Keeping a One Room Schoolhouse Model As Your Children Get Older

One Room Schoolhouse Model


In the last two weeks, we started our second year of junior high with my oldest. We participate in Classical Conversations, so he is in Challenge B. (And I’m his director! First year Challenge director!) Last year it was really important for me to maintain our shared learning environment in some form, even though he was moving on to more advanced and independent studies. I feel the same way this year. A large reason we homeschool is to promote deep parent/ child relations and lasting sibling bonds which we purpose to create through many ways including quality time learning together. Maintaining the opportunity for this throughout our homeschool years is so important to us. He’s growing older, but it’s not quite time for him to grow apart. Therefore, I looked and planned for ways he could connect with me and his siblings during our school day. I’ll share what worked for us last year, and what we plan to do this year.

  1. Breakfast + Bibles: We eat breakfast at the same time together. Everyone makes what they want, and we all sit together for breakfast. All but my youngest are readers, so we each do personal devotions at this time. To close out breakfast, I typically ask them to share what they learned in their readings. I truly believe that we know we can tell, and this is a sweet way for them to begin sharing what God is teaching them.
  2. Morning collective: After cleaning up breakfast, we gather together in the family room. We watch CNN 10 (a student news show), read and pray through a prayer guide for the nations found on and made by Operation World, and complete family devotion time. This year, we are making our way through the Tiny Theologians ABCs of Theology cards and Our 24 Family Ways by Clay Clarkson. One day, I read the theology card and we “ponder” its meaning. The second day we “picture” the card by drawing about the word in our blank journals. The third day we “pray” for the truth to take root in our lives. Each day, we recite parts of the Bible verse from the card together to commit it to memory. | Our 24 Family Ways is divided into 5 daily segments, but since we only have four at home school days, we may spread this out over 2 weeks, so we don’t cut it short. Either that, or begin incorporating it during our nightly family devotions, which are led by my husband. We’ll see!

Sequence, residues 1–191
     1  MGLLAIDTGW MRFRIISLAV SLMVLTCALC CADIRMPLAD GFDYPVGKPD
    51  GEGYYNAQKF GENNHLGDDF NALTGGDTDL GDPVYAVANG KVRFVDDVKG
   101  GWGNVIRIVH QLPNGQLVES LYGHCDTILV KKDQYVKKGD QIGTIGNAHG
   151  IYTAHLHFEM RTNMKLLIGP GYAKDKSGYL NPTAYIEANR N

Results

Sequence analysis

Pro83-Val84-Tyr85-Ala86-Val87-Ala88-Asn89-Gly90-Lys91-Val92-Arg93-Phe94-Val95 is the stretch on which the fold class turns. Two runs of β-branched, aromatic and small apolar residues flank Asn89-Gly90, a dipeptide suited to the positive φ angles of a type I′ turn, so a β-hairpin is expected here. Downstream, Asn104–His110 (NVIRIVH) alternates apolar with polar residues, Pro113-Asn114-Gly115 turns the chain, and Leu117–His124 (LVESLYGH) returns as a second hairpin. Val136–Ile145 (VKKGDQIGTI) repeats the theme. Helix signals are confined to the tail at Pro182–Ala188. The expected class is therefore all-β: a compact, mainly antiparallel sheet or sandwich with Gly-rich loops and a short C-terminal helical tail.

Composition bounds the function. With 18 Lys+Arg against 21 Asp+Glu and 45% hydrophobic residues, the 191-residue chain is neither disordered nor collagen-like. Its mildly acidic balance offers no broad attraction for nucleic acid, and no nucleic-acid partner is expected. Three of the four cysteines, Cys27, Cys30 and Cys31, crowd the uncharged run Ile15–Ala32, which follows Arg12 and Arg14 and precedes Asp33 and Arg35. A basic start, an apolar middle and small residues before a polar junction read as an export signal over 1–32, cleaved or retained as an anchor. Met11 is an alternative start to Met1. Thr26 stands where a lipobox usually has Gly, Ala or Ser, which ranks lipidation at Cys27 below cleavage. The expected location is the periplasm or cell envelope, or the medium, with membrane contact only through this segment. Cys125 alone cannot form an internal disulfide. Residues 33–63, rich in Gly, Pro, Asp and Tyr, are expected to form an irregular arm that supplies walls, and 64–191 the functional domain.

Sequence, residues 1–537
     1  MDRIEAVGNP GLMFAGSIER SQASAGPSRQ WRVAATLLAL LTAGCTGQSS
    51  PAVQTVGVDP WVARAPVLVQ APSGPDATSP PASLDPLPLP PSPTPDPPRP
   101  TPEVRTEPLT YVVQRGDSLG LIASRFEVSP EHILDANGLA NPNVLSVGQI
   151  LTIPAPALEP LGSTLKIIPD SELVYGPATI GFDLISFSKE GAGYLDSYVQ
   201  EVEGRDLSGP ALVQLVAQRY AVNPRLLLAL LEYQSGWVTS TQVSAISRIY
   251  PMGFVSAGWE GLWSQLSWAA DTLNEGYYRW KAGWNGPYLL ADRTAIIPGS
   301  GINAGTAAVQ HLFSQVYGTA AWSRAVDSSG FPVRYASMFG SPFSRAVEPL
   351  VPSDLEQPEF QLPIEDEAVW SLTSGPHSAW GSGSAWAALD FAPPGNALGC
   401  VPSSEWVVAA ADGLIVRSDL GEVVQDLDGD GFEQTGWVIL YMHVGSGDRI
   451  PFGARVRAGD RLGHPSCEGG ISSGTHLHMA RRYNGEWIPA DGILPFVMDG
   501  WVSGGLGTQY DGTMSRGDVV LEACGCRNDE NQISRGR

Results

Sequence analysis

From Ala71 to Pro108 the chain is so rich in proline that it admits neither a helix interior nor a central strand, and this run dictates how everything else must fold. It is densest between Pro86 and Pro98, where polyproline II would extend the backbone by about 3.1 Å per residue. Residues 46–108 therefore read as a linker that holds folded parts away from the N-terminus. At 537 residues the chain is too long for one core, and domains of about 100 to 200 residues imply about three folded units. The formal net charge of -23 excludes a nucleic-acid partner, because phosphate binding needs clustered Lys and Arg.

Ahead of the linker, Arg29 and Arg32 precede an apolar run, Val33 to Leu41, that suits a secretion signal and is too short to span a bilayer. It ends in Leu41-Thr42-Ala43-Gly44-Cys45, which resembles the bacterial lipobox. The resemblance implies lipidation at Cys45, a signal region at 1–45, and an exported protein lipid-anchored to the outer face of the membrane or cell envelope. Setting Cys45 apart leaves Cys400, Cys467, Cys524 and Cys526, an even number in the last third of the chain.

3. Study an area together. Last year, when my son studied animals for his Challenge assignment, we also studied them for our nature study. This year, he’s studying astronomy for half the year, so we will study astronomy in our nature study time. We’ll take our typical study approach – reading good books, narrating and drawing what we learn, and visiting museums or exhibits.
  4. Read aloud together. This did not work out as planned last year. My Challenge son simply could not put aside the time to sit with us for read-alouds in the afternoon. This year, I’ve decided to use audiobooks in the car so that we can all listen to the same thing. I will still do read-alouds with my younger ones in the afternoon, but this is a way to include him on one consistently. We are doing Story of the World in the car, and hopefully one novel. Not sure yet! I may choose one of his Challenge books for us to listen to together.

Because my 13 year old needs about 5 hours to do his work, fitting all of this in depends on my advanced planning and if I get up and get going in the morning. Nothing like motivation! 🙂

If you have continued in one room schoolhouse style learning as your children have gotten older, I’d love to hear how! Give me all the insider tips. 


 (Photo by Maeve Photo & Film. She’s amazing & we loved each picture.)


  1. Paula Hall says

    I agree fully with your point about keeping the older siblings engaged in our one-room schoolhouse! It is a stretch and requires thought and preparation sometimes. Playing off of the Challenge science topic for Foundations presentations or discussions and readings at home. Making read alouds for younger students out of the Challenge readers is excellent! Discussing the literature and themes is sometimes possible on different levels and comparing themes to other books they’ve read or movies they have watched. I love having a one-room schoolhouse and will work hard to keep it that way as long as possible! Thanks for sharing!

    • Beth Watson says

      Paula, I love everything you shared here about how you implement the one room schoolhouse model! It’s exactly what we try to do too. It’s worthwhile & definitely gets easier the more you do/think that way.

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